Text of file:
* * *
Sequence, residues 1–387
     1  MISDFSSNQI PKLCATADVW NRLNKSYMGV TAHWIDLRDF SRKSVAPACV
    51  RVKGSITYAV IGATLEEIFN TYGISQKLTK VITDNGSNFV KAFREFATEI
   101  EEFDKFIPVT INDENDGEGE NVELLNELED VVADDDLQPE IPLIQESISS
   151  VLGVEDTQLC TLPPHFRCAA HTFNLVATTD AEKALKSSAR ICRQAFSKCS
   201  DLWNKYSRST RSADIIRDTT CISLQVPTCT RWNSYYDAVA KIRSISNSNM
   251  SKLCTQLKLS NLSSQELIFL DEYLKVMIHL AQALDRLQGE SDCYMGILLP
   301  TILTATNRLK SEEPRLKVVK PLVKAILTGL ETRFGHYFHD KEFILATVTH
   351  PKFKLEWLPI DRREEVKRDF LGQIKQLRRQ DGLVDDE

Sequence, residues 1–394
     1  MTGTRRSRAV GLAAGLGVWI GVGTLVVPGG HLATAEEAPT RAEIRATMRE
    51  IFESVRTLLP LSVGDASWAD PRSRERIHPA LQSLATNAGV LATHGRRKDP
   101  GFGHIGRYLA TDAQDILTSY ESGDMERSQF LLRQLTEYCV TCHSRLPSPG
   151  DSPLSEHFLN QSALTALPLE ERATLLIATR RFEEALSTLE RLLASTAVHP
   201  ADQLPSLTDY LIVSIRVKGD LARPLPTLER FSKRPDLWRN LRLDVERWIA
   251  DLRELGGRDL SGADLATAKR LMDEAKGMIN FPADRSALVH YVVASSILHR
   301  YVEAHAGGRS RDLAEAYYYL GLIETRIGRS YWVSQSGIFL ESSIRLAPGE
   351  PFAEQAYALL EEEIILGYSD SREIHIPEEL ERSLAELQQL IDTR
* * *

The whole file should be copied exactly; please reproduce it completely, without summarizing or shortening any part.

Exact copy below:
Sequence, residues 1–387
     1  MISDFSSNQI PKLCATADVW NRLNKSYMGV TAHWIDLRDF SRKSVAPACV
    51  RVKGSITYAV IGATLEEIFN TYGISQKLTK VITDNGSNFV KAFREFATEI
   101  EEFDKFIPVT INDENDGEGE NVELLNELED VVADDDLQPE IPLIQESISS
   151  VLGVEDTQLC TLPPHFRCAA HTFNLVATTD AEKALKSSAR ICRQAFSKCS
   201  DLWNKYSRST RSADIIRDTT CISLQVPTCT RWNSYYDAVA KIRSISNSNM
   251  SKLCTQLKLS NLSSQELIFL DEYLKVMIHL AQALDRLQGE SDCYMGILLP
   301  TILTATNRLK SEEPRLKVVK PLVKAILTGL ETRFGHYFHD KEFILATVTH
   351  PKFKLEWLPI DRREEVKRDF LGQIKQLRRQ DGLVDDE

Sequence, residues 1–394
     1  MTGTRRSRAV GLAAGLGVWI GVGTLVVPGG HLATAEEAPT RAEIRATMRE
    51  IFESVRTLLP LSVGDASWAD PRSRERIHPA LQSLATNAGV LATHGRRKDP
   101  GFGHIGRYLA TDAQDILTSY ESGDMERSQF LLRQLTEYCV TCHSRLPSPG
   151  DSPLSEHFLN QSALTALPLE ERATLLIATR RFEEALSTLE RLLASTAVHP
   201  ADQLPSLTDY LIVSIRVKGD LARPLPTLER FSKRPDLWRN LRLDVERWIA
   251  DLRELGGRDL SGADLATAKR LMDEAKGMIN FPADRSALVH YVVASSILHR
   301  YVEAHAGGRS RDLAEAYYYL GLIETRIGRS YWVSQSGIFL ESSIRLAPGE
   351  PFAEQAYALL EEEIILGYSD SREIHIPEEL ERSLAELQQL IDTR